What Is Bipolar Disorder?

Bipolar disorder or manic depression as it is also known is a complex illness that is characterized by a dramatic and unpredictable shift in a person’s mood, energy levels, thoughts, and behavior. According to research conducted by The National Institute of Mental Health about 5.7 million American adults, which accounts for about 2.6% of the population, are affected by this disorder. Bipolar disorder can develop early in adolescence with the median age for onset bipolar disorder being 25 years old and even developing as late into a person’s 40’s or 50’s. Men and women of all ages, race, ethnic groups and social classes are equally affected by this disorder. In women, however, studies have shown they are prone to have more depressive or mixed episodes as opposed to men with the illness.

In addition, The National Institute of Mental Health reports that more than two-thirds of people with bipolar disorder may have one or more relatives with the disorder. The exact cause of bipolar disorder is unknown but it is not necessarily hereditary nor can a person be genetically predisposed to develop bipolar disorder simply because it runs in their family. Certain external factors can serve as triggers that can set off an episode or make a pre-existing symptom worse. Some of the triggers can be stress related, lack of sleep or substance abuse.

Bipolar Vs Sleep... what you should know!

The symptoms associated with bipolar disorder can vary greatly amongst individuals in regards to the pattern, severity, and frequency of the illness. The frequent mood changes of bipolar disorder can be so intense it can negatively impact a person’s ability to function on a day-to-day basis. Bipolar disorder falls into four distinct categories which are: mania, hypomania, depression and mixed episodes. Each that is listed below has their own unique set of moods and symptoms.

Mania

In the manic phase of bipolar disorder a person experiences feelings of high energy and euphoria which is typically common with mania. A person in this phase usually requires little sleep, can be hyperactive and has feelings of invincibility. A person’s behavior during a manic episode can also lead into impaired judgment and impulsive behavior. These good feelings however can easily spiral into bouts of anger, irritability and aggressive behavior. Other common symptoms associated with mania include:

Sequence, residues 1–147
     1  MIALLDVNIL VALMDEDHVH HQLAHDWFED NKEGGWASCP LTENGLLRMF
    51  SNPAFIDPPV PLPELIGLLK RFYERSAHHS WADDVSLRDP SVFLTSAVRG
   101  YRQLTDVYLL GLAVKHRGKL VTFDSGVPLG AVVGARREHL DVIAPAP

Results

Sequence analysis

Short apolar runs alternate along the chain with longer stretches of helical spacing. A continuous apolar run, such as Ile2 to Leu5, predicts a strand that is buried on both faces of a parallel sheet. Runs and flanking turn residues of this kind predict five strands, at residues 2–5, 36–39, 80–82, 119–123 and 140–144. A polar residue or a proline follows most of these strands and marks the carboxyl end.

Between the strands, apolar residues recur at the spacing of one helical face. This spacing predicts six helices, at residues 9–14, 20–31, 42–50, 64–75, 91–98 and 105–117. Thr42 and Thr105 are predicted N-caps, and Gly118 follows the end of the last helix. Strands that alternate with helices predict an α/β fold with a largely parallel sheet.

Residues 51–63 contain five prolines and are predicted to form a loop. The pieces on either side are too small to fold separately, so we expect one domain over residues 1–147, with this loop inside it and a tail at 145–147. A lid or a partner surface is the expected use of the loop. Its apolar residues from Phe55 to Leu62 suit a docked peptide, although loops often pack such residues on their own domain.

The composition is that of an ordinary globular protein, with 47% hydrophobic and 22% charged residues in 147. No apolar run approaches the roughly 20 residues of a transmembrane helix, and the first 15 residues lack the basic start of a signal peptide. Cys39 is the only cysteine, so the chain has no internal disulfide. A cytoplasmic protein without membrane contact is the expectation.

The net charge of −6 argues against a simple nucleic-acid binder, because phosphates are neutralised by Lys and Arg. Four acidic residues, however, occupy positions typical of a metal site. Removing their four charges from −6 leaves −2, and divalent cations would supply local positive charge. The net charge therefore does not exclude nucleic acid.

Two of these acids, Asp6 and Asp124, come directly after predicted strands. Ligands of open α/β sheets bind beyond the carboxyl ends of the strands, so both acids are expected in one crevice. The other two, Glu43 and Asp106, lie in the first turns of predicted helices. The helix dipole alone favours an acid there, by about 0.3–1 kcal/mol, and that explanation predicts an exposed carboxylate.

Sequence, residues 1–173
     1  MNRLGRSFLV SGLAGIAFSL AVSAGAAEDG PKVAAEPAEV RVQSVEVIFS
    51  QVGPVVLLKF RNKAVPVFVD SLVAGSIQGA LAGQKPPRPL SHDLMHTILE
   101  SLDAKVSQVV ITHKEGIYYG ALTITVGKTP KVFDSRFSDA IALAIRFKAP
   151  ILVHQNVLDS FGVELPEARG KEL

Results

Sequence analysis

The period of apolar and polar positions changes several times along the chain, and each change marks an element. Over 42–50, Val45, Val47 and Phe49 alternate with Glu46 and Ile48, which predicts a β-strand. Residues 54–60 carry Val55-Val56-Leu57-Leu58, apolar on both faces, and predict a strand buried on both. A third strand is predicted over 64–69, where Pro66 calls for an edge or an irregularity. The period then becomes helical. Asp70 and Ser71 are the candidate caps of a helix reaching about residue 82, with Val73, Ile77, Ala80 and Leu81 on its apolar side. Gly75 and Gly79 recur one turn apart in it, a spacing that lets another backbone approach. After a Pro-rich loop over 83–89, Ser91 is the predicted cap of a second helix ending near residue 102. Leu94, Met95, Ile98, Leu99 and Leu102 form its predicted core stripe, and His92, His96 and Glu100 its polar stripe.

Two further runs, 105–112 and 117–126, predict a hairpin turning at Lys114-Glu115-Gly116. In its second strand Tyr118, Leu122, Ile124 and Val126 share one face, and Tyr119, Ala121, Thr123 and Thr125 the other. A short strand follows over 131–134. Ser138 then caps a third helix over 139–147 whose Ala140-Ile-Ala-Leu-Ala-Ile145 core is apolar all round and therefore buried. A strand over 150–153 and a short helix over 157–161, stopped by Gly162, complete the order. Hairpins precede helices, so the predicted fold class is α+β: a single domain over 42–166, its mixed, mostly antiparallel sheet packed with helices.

• Unrealistic, grandiose beliefs about one’s abilities
  • Highly distractible and unable to concentrate
  • Talking so rapidly that others can’t keep up or understand
  • Delusions and hallucinations (in severe cases)

Hypomania

Is a milder form of mania with many of the same associated symptoms. People with hypomania are able to conduct their lives normally and give an outward impression to others as if nothing is wrong. Hypomania however can result in impaired judgment which can harm relationships, careers and reputations. Unchecked, this can escalate into full-blown mania.

Depression

Although bipolar depression and depression share many similarities there are significant differences between the two. Certain symptoms such irritability, guilt and feelings of restlessness are more commonly associated with bipolar depression than with depression. People with bipolar depression also have a tendency to move and speak slower as well sleep for longer periods of time and have increased weight gain. Other common symptoms of bipolar depression include:

  • Feeling hopeless, sad, or empty
  • Feelings of worthlessness or guilt
  • Inability to experience pleasure
  • Fatigue or loss of energy

Mixed Episodes

A mixed episode of bipolar disorder is a combination of symptoms of either mania or hypomania and depression. Common examples of a mixed episode can include depression combined with insomnia or irritability combined with agitation. This combination of high energy and low mood can greatly increase the risk of suicide. Warnings of suicide include:

  • Talk of death, self-harm, or suicide
  • Feelings of hopelessness or helplessness
  • Feeling worthless or like a burden to others

Resources

Living with bipolar disorder can be challenging and contrary to popular belief many people can go on to lead satisfying and fulfilling lives as long as you educate yourself on the illness. The key is to not wait to get help if you notice symptoms in yourself or in a loved one. Left undiagnosed and untreated bipolar disorder can increasingly worsen and turn destructive not just to yourself but to those around you. There is hope!